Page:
The biggest risks in the U.S. are posed by violence, alcoholism, and obesity even as the rest of the world isn’t doing much better.
Scandinavian social democracies invariably get a chance to show their quiet dominance in every study ranking nations by health or living standards. And it is no different for a new analysis published this week—perhaps the most comprehensive ever.
According to a report published in the Lancet, as world leaders when it comes to health goals set by the United Nations, Iceland and Sweden share the top slot with Singapore. More than 1,870 researchers in 124 countries compiled data on 33 different indicators of progress toward the UN goals related to health using the UN’s sustainable development goals as guideposts, which measure the obvious (poverty, clean water, education) and less obvious (societal inequality, industry innovation).
A decade long collaboration focused on the worldwide distribution of disease formed the basis of the massive study. Survival may be the single most ambitious undertaking humans have ever committed themselves to and about a year and a half ago, the researchers involved decided their data might help measure progress on that aspect. And their findings were disturbing. Ranked between Japan and Estonia, the country with the biggest economy (not to mention, if we’re talking about health, multibillion-dollar health-food and fitness industries) ranks No. 28 overall.
Data obtained on dozens of topics from all over the world were scrubbed through by the research team. For example, the research team looked at public surveys, records of pharmaceutical manufacturers, and administrative records of inoculations to make sure they had adequate data on vaccine coverage for each region.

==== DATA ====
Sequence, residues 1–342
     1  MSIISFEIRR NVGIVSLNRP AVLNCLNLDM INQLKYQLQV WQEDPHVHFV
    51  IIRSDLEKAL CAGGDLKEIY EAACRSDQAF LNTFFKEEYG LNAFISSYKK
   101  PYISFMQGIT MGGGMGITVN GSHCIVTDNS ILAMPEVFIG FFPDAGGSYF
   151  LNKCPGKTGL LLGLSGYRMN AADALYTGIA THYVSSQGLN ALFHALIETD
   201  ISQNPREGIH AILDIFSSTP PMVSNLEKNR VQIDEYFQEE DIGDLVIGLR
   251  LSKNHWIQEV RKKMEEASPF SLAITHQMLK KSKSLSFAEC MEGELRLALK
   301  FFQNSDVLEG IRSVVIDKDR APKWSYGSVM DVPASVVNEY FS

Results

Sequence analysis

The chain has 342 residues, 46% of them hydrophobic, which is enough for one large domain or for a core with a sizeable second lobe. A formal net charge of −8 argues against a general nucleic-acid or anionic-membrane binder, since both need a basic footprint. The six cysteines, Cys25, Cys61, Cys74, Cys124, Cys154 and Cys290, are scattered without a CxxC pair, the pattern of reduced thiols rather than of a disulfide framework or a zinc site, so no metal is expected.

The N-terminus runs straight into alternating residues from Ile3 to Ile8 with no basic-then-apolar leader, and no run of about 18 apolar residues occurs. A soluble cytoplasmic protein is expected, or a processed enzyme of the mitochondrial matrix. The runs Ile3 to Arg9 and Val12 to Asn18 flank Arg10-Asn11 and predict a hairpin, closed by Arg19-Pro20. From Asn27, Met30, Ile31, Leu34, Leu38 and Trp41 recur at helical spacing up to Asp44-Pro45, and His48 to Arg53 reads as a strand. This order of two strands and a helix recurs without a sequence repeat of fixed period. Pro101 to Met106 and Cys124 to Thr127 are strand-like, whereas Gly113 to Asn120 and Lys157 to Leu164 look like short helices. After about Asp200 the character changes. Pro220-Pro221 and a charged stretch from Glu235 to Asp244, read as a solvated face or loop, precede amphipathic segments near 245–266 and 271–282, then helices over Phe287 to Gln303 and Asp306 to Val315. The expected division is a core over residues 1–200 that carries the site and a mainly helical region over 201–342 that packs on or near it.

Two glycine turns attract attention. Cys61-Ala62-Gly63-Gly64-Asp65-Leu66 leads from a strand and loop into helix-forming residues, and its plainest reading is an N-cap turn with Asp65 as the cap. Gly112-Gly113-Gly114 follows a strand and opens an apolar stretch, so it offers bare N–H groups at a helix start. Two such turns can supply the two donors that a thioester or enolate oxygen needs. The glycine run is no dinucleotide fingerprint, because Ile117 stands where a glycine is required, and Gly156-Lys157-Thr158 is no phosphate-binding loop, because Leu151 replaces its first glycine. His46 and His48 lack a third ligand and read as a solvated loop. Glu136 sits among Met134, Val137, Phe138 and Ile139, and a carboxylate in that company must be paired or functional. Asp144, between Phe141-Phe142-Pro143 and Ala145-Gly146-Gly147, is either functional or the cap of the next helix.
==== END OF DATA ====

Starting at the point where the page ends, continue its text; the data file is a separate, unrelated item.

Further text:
“We don’t necessarily believe what everybody says. There are so many ways they can miss people or be biased,” says Christopher Murray, global heath professor at the University of Washington and a lead author of the study.
In water, sanitation, and child development, the U.S. scores its highest marks. A heavy toll on America’s overall ranking was taken by interpersonal violence (think gun crime) unsurprisingly. In the U.S., issues like response to natural disasters, HIV, suicide, obesity, and alcohol abuse all require attention, says the report.
America doesn’t perform as well on as other developed countries are basic public health metrics and this is a noteworthy point. The U.S. is No. 40 when it comes to the rate children under age five die and No. 64 in the rate of mothers dying for every 100,000 births.
“The U.S. isn’t doing as well as it perhaps should compared with some countries in Western Europe,” Murray said.
The study shows that the problem of overweight children has grown worse in all regions of the world and across the economic development spectrum.
Five countries in particular were lauded by the authors for prominent gains, one from each quintile. While Tajikistan reformed its health system in the late 1990s and is winning a battle against malaria, Timor-Leste rebuilt its health service since 2000 after years of war. On the other hand, Taiwan enacted road-safety laws that reduced auto-related deaths there while Colombia’s health insurance program reaches more people than ever and covers more scenarios, including cancer and Iceland, which barely edges out Singapore and Sweden for the No. 1 spot, is credited for aggressive anti-tobacco policies and its publicly funded universal health-care system.
(Adapted from Bloomberg)